The biggest, broadest study of one of the hottest new trends in health care - the patient-centered "medical home" - found almost no benefits, researchers reported Tuesday. Yet neither they nor other experts saw the results of their three-year study, involving more than 100,000 patients in Philadelphia and its suburbs, as primarily negative.

Indeed, Independence Blue Cross, which took part in the study and saw early results coming in several years ago, revamped its payments to primary care providers. Officials said they will report significant savings and better health measures in research to be published in the coming months.

Southeastern Pennsylvania "was our baby guinea pig," said Ann Torregrossa, who oversaw the program for the state early on.

The medical home model is centered more on the patient. It charges the primary care doctor with taking more responsibility for all aspects of care, from coordinating with specialists to ensuring that patients who haven't come in for a while didn't fall through the cracks. Patients become healthier; everyone saves money.

That's the theory. With pretty much all major players in the U.S. health-care system favoring the concept, they have proliferated so fast - hundreds of practices are now recognized as official medical homes locally - that effectiveness research has not been able to keep up.

Pennsylvania's Chronic Care Initiative was the nation's largest pilot when it began in 2008, rolling out first in the Southeast and eventually including more than 170 practices with 1.2 million patients statewide. Six insurers took part in the Southeast - a crucial ingredient, since medical homes involve offering incentives for doctors to make costly changes, such as hiring staff to follow patients.

Writing in the Journal of the American Medical Association, the authors said they collected data on 32 participating primary care practices, comparing their performance with that of 29 other practices. They tracked quality, use, and cost.

Only one measure improved: screening for diabetes-related kidney disease.

Calling the study "a failure would be the wrong interpretation," said lead author Mark Friedberg, of the RAND Corporation. "You should look at the ingredients of this Philadelphia pilot and say, 'What are we going to add and do differently?' "

One obvious lesson: Don't try to prove cost savings by studying all patients rather than, say, just those with chronic illness who use more medical care, said Bruce Landon, a professor of health-care policy at Harvard Medical School.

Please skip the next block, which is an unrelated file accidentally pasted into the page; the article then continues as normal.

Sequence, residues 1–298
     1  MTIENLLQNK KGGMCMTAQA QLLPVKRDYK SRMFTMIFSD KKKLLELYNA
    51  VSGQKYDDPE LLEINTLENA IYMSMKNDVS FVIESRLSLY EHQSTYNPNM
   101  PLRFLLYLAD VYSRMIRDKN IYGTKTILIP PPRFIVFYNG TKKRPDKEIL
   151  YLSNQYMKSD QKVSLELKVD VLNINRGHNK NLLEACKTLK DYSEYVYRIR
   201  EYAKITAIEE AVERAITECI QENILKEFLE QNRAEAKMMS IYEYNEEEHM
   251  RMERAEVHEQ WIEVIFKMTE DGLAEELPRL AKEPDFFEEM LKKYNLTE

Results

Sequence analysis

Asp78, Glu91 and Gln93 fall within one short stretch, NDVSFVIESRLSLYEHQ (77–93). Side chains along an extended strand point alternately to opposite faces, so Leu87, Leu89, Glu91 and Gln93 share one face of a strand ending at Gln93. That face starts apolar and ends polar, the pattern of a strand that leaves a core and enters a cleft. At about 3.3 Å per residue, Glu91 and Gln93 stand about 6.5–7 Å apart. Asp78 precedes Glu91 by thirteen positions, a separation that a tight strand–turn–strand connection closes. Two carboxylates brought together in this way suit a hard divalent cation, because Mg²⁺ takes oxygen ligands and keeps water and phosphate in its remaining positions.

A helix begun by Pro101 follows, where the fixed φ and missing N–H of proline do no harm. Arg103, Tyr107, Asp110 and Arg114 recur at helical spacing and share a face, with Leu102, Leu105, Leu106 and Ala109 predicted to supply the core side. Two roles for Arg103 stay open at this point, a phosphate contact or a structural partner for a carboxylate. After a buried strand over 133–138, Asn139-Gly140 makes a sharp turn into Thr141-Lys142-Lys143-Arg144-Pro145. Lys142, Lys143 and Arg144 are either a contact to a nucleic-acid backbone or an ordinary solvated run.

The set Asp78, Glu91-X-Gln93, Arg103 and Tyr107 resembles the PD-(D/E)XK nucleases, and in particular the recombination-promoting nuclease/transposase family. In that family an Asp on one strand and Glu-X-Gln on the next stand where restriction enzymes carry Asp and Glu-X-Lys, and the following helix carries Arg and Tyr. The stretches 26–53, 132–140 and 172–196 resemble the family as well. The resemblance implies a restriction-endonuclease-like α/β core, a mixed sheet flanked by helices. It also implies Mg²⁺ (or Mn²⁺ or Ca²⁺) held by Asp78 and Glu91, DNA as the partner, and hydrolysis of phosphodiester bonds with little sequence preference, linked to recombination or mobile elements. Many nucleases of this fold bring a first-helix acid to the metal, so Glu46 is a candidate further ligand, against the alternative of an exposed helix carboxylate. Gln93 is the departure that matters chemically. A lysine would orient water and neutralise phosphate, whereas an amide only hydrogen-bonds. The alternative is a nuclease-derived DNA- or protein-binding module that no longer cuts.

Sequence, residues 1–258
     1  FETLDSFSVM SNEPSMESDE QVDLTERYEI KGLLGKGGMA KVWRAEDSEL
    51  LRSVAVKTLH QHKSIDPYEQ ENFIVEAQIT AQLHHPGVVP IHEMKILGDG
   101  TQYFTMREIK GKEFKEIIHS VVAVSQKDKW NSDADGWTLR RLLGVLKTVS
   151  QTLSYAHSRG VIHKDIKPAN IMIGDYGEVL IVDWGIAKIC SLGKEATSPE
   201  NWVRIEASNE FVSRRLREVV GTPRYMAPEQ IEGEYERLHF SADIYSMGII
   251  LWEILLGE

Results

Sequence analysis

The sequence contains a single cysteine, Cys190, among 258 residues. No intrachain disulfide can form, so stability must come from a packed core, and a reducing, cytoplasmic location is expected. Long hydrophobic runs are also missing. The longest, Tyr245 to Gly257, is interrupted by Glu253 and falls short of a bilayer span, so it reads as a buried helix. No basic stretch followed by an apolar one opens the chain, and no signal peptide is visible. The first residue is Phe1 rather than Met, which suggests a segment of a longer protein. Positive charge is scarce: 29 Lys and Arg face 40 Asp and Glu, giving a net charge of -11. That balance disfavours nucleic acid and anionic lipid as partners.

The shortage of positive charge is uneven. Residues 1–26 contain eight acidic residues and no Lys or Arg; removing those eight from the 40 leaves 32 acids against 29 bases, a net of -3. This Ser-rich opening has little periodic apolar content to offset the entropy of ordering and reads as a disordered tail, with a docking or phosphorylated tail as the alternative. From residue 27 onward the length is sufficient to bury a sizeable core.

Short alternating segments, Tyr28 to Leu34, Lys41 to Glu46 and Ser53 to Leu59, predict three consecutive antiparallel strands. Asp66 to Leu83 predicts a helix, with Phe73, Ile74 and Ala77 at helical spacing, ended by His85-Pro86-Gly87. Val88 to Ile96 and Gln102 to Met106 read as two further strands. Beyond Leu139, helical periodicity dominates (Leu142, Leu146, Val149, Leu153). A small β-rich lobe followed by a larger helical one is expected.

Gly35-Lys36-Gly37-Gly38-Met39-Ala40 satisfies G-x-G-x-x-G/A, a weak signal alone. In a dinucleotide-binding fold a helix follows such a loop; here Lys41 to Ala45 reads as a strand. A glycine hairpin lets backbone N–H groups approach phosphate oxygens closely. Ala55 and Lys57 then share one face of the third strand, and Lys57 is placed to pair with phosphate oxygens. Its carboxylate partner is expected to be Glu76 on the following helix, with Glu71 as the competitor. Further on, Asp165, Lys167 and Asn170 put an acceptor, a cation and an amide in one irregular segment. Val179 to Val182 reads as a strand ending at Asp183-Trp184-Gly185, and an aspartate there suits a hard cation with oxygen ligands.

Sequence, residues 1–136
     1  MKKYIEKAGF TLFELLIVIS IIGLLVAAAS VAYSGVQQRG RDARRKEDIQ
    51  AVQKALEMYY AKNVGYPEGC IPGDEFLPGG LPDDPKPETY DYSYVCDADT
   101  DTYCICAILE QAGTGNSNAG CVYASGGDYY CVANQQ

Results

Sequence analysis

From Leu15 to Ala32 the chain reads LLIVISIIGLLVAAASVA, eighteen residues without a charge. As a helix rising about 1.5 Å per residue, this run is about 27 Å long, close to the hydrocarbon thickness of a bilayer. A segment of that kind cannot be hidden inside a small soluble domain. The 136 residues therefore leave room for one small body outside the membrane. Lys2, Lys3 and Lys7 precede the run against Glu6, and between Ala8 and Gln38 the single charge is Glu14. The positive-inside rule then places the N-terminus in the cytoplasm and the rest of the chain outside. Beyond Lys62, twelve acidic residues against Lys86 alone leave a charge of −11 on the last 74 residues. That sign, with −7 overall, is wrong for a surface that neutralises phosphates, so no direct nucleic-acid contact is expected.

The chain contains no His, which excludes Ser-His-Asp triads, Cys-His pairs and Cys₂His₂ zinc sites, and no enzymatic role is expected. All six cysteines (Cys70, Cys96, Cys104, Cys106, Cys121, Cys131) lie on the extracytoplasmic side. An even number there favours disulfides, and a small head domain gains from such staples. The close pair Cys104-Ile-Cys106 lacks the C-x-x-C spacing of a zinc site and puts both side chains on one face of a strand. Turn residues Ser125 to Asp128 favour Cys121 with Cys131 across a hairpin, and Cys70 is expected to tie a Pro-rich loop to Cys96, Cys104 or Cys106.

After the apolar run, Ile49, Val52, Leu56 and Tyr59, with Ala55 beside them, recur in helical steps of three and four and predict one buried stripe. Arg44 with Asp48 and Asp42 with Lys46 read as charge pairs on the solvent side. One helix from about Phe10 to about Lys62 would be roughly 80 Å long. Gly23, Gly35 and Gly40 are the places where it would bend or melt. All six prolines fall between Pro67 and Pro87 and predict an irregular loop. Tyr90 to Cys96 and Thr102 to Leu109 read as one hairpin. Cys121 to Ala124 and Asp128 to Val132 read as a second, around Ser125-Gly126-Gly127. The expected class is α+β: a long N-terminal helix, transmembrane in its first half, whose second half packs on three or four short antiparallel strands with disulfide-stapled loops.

"Last year I never saw a specialist, never went to the emergency room. Are you going to see cost savings for me? Never. There aren't any costs to save," he said.

Landon still believes that medical homes offer benefits for a primary care system "in desperate need of reform."

Even as the state program rolled north and west through Pennsylvania, several parts have changed.

In the initial model, providers were given incentives for being recognized as medical homes by a national quality group. So they first focused on that time-consuming process, including restructuring their offices and creating databases.

Now there is a greater emphasis on managing patients' care, which often means using the money to hire a case manager. And the latest iteration is designed to allow providers and insurers to share in any cost savings.

One key hurdle - not yet solved - is that primary care providers often are not told when their patients are hospitalized or visit the ER.

Independence Blue Cross is trying to attack that with an online database of hospital census reports, chief medical officer Richard Snyder said. It also has reworked its reimbursement model, allowing providers to double their revenue if they meet quality measures and also save costs.

Snyder said that studies of its model that will be published soon including one that found a 21 percent savings in cost of care for diabetic patients. Quality measures improved as well, he said.

Everyone agreed the state initiative was a lot of work, especially for small practices.

It was too much for Dan Orr, a family physician in Chester County, who dropped out after the study.

He said he lost money seeing two or three patients an hour rather than the usual four, and was frustrated doing a lot of unnecessary "clerical work."

But Daniel Wolk, a family physician in a four-doctor practice in Broomall, said it had "reenergized my day-to-day life as a physician" after 25 years.

Practices were required to create registries of all their diabetic patients, for example, recording information like how many had their blood sugar under control. The doctors had thought they were providing good diabetes care - but found that only those diabetics who were in good shape made regular appointments. Perhaps a third of the 280 total did not, and many were doing poorly.

"We were really shocked at just how many people we had not been keeping track of," Wolk said. Using the incentive money from the initiative, they hired a case manager and tracked many of them down.